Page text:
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What Should You Do When Your Check Engine Light Comes On?

We’ve all come across it at one point or another, I’m sure. Driving along, all going well, and then wham! A yellow/orange light, illuminating from your dashboard, pops up to tell you that you’re going to have to spend a good sum of money to shut it off relatively soon. This little light would be your check engine light, and though we’ve all seen it, few know what it really indicates. Some cover it with a piece of black tape, some choose to look right past it, and some actually take the time to diagnose what it means and fix the issue at hand. We’re looking into the questions many ask, however: What should you do when your check engine light comes on? and, What does the check engine light mean?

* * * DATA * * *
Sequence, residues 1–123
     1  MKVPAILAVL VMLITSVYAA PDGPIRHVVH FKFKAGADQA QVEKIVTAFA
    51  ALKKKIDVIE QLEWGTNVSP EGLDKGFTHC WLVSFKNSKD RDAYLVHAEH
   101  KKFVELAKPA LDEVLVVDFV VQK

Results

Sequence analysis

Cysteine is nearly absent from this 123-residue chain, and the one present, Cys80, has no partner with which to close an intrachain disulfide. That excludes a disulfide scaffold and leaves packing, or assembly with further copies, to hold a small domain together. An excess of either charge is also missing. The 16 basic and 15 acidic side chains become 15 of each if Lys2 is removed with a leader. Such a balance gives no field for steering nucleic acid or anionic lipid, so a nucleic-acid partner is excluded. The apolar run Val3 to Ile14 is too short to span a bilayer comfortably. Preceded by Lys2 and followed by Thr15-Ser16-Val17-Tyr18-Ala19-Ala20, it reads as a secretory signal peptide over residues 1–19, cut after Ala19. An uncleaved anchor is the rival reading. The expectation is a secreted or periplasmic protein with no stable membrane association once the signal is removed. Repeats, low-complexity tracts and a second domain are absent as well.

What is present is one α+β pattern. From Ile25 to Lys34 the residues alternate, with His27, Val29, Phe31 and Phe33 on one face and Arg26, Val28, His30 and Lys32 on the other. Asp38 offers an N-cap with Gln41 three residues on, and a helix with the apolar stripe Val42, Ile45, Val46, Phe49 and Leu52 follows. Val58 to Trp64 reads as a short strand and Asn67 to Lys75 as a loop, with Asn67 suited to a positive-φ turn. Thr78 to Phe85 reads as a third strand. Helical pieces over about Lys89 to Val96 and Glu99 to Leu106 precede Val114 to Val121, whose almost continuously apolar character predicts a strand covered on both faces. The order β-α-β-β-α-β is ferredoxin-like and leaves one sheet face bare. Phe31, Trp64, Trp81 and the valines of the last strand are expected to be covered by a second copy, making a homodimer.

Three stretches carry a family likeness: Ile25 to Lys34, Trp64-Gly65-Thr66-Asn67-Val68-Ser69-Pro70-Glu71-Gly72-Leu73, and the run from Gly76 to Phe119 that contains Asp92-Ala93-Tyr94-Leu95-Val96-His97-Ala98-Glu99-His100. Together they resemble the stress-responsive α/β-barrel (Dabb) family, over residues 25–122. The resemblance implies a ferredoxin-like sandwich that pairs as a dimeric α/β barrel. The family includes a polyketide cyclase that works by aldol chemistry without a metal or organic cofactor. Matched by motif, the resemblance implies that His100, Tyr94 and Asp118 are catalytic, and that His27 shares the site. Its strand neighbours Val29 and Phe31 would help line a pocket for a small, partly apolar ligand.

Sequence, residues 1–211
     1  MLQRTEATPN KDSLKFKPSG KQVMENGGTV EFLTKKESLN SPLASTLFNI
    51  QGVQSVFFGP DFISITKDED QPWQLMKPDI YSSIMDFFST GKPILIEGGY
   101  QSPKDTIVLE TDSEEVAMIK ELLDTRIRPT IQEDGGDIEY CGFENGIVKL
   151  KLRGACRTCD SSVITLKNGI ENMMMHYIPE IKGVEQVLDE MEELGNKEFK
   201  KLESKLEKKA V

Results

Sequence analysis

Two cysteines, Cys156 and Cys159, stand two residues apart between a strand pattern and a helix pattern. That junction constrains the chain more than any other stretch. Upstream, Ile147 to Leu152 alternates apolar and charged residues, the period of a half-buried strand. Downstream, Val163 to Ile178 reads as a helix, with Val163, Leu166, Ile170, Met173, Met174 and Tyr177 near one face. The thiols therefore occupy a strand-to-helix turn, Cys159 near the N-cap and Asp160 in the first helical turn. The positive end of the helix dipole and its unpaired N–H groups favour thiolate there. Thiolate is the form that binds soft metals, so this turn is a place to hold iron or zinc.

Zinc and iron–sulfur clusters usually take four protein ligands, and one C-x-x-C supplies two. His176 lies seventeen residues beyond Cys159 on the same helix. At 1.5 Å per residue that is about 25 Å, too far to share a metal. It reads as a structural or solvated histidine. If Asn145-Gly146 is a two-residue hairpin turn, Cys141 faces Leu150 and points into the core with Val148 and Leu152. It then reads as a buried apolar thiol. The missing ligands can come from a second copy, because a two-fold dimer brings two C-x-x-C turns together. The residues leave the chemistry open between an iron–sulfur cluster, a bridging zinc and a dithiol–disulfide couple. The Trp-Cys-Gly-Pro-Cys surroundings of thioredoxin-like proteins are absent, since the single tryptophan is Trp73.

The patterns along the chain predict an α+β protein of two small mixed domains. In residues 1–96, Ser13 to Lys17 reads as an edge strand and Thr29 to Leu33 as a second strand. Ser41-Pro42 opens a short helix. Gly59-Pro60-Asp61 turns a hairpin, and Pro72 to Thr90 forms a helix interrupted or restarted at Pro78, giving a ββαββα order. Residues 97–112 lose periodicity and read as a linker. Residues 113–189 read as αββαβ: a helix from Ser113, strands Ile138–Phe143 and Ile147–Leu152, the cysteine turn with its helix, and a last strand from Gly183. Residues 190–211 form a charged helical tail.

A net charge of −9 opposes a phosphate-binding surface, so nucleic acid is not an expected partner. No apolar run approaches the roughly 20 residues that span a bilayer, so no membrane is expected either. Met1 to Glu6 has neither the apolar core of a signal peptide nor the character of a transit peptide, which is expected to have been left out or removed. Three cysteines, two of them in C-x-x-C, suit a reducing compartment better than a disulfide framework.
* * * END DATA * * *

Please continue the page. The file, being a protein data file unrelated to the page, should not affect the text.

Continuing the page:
Well, you can call it the most misunderstood indicator on your dashboard: The check engine light can mean many different things, from a loose gas cap to a seriously misfiring engine.

“It doesn’t mean you have to pull the car over to the side of the road and call a tow truck,” says Dave Cappert of the National Institute for Automotive Service Excellence, an organization that tests and certifies auto technicians and is based in Virginia. “It does mean you should get the car checked out as soon as possible.”

Ignore that warning and you could end up damaging expensive components. It can also be a sign that your car is getting poor fuel economy and emitting higher levels of pollutants.

What does the Check Engine Light Mean?

ConsumerReports.com states that the check engine light is part of your car’s so-called onboard diagnostics system. Since the 1980s, computers increasingly have controlled and monitored vehicle performance, regulating such variables as engine speed, fuel mixture, and ignition timing. In modern cars, a computer also tells the automatic transmission when to shift.